|Sales & Marketing|
|Costs & Contract|
|Complaints & Service|
Global Payments Inc. (globalpaymentsinc.com) is one of the largest credit card processors in the payment processing industry and has been in business since the 1960s. It’s also one of the few merchant account providers to be publicly traded on the New York Stock Exchange (NYSE: GPN). Headquartered in Atlanta, Georgia, Global Payments supplies nearly every service a merchant would need, from setting up the merchant account to supplying the processing hardware. The CEO of Global Payments is Jeffrey S. Sloan, while the company’s president is David E. Mangum.
In March 2015, the Consumer Financial Protection Bureau (CFPB) filed a complaint against Global Payments, Electronic Merchant Services, Frontline Processing, and Pathfinder Payment Solutions in connection with a “phantom debt” scheme that allegedly attempted to collect nonexistent debts from consumers. The CFPB’s complaint alleges that these four payment processors facilitated transactions for multiple debt collection companies owned by Marcus Brown and Mohan Bagga. According to the complaint, these debt collection companies used robocalls to target millions of consumers, who they then threatened in order to obtain debt payments that they were not actually owed or that didn’t even exist. The CFPB further alleges that Global Payments “ignored numerous red flags of the debt collectors’ illegal conduct, including consumer disputes that described the scheme and communication problems with the debt collectors.” The outcome of the CFPB’s complaint is currently pending.
|Global Payments Products and Services||Industries Served|
|Key Points – Sales & Marketing|
|Uses independent resellers?||Yes|
|Promotes deceptive rate quotes?||No|
|Discloses all important terms?||No|
The only strike against Global Payments in this section is how the company acquires new merchant customers. Global Payments relies heavily on partnered independent sales organizations (ISOs) and independent sales agents (both are also called “resellers”) to market and sell its merchant accounts. Although this is a common marketing practice among larger processors, it can result in numerous merchant complaints because the resellers’ sales tactics are hard to control. In Global Payments’ case, it appears that most of the complaints against the company can be traced back to resellers; however, the overall number of complaints is relatively low (details covered below). Global Payments also does not promote any misleading “teaser” rates in its official marketing materials.
Global Payments Marketing Example
|Key Points – Costs & Contract Terms|
|Termination fee:||$500 or Liquidated Damages|
|PCI compliance fee:||Variable|
Pricing and fees of a Global Payments merchant account will vary based on several factors, including a merchant’s business type, processing volume, and the reseller setting up the account. Additionally, it appears that the service length agreement and early termination fee can also vary by reseller. A sample Global Payments agreement from April 2014 (available below) lists an early termination fee of $500 per location or Liquidated Damages, whichever is greater, which is as expensive as termination fees get. Merchants are encouraged to aggressively negotiate pricing and contract terms under this type of scenario because it usually means that fees and terms are highly flexible. Learn everything you need to know about rates and fees as well as how to negotiate merchant account contracts in “Fee Sweep.” See the Global Payments Terms & Conditions.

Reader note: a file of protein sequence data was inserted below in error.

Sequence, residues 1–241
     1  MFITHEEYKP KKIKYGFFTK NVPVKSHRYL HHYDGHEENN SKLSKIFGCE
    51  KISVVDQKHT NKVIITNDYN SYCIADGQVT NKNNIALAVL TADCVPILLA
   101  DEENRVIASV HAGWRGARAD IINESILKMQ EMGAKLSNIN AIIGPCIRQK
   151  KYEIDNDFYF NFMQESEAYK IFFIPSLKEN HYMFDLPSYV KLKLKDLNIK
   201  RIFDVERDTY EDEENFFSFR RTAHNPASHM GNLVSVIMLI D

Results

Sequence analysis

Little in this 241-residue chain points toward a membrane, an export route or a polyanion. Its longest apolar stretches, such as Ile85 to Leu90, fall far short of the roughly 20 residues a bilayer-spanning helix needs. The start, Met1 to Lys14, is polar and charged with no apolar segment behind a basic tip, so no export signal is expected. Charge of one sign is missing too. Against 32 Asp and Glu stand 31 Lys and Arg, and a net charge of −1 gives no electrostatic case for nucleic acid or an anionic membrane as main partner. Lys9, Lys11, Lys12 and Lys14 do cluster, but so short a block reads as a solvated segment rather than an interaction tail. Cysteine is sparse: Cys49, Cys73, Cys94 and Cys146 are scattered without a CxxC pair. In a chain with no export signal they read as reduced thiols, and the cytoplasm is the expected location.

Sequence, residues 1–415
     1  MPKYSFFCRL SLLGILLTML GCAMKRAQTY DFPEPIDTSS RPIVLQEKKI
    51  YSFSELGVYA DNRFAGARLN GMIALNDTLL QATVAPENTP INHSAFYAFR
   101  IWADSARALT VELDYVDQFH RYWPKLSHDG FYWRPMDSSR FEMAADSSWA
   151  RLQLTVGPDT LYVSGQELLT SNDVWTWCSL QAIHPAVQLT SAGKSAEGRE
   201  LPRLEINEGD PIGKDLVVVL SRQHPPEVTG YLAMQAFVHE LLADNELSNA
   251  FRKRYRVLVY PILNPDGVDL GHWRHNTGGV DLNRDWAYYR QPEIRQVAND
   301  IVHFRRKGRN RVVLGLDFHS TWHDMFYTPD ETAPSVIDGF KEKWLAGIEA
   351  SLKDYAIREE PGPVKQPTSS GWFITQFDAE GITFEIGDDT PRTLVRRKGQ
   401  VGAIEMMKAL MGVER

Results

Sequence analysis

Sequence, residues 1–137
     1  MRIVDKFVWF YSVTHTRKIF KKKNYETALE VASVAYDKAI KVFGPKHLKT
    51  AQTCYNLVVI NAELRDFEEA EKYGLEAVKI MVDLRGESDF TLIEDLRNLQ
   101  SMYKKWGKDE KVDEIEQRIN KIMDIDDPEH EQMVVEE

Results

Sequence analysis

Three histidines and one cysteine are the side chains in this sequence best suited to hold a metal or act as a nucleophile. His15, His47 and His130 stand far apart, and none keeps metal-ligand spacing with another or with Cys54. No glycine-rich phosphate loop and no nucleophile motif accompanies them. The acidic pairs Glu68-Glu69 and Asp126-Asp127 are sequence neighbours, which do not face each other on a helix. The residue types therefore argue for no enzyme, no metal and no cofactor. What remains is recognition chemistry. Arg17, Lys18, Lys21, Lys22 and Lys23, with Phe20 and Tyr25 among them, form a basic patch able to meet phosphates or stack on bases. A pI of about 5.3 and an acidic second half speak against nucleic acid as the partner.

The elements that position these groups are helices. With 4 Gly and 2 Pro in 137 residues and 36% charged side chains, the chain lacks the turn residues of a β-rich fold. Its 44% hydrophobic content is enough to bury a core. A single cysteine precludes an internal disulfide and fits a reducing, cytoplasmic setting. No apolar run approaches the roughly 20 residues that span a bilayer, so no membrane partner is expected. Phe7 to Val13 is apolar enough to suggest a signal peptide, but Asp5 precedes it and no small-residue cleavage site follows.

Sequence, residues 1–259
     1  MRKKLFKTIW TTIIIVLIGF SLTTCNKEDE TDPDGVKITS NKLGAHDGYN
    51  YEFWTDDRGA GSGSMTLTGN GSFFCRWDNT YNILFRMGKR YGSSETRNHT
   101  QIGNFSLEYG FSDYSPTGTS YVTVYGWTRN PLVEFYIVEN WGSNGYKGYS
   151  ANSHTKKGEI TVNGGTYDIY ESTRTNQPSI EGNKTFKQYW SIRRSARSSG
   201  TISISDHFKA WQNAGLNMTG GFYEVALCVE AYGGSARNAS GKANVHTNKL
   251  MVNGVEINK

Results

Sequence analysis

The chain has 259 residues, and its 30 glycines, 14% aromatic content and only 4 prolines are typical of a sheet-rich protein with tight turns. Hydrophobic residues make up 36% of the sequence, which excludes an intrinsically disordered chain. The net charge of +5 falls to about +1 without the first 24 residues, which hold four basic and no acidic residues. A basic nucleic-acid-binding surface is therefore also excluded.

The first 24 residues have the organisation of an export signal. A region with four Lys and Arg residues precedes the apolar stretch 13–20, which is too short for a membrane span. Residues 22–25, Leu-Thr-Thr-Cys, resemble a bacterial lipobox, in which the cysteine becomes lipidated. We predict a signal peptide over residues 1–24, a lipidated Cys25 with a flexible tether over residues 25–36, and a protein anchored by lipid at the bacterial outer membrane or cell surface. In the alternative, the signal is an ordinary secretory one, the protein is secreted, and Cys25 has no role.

|Key Points – Complaints & Service|
|Live customer support?||Yes|
|Most common complaint:||Poor service|
Global Payments has a low-to-moderate complaint count for a processor of its size and time in business. Additionally, the most common themes among the complaints are reports of fund holds and poor customer service. It is generally unclear in the complaints why the funds were held, but holds often happen because of suspicious transactions or transactions that exceeded a merchant’s processing limit. Since most of these complaints appear to be isolated incidents, they will not count heavily against the company’s rating in this section.
It is worth mentioning, however, that as of this update there has been a recent decline in complaints posted in the comment section of this review. This reverses a trend seen through the end of 2014 in which the company was amassing complaints more frequently than usual. Most of these comments cite poor customer service or undisclosed fees, such as early termination fees. The uptick in complaints was also consistent with a slight increase in complaints found on other websites like Ripoff Report, although the natures of the complaints vary. While the reversal of this trend is commendable, it barely alters our grade for a large, established company like Global Payments.
Related: Best Processors For E-Commerce
|Key Points – BBB Report|
As of this review, Global Payments is not accredited with the Better Business Bureau and is showing an “A+” rating. The company has had 64 complaints filed against it in the last three years, all but two of which cite problems with products/service and billing/collection. Global Payments has resolved 23 of these complaints to the merchants’ satisfaction. The remaining complaints either were not satisfactorily resolved or did not receive a final assessment from the merchant. In light of the company’s low complaint volume for its size, we have adjusted the BBB’s rating to an “A-” for the purposes of this review.
* Denotes CPO-adjusted BBB score
This review was originally published on 2/13/12 and was last updated on 10/6/15.
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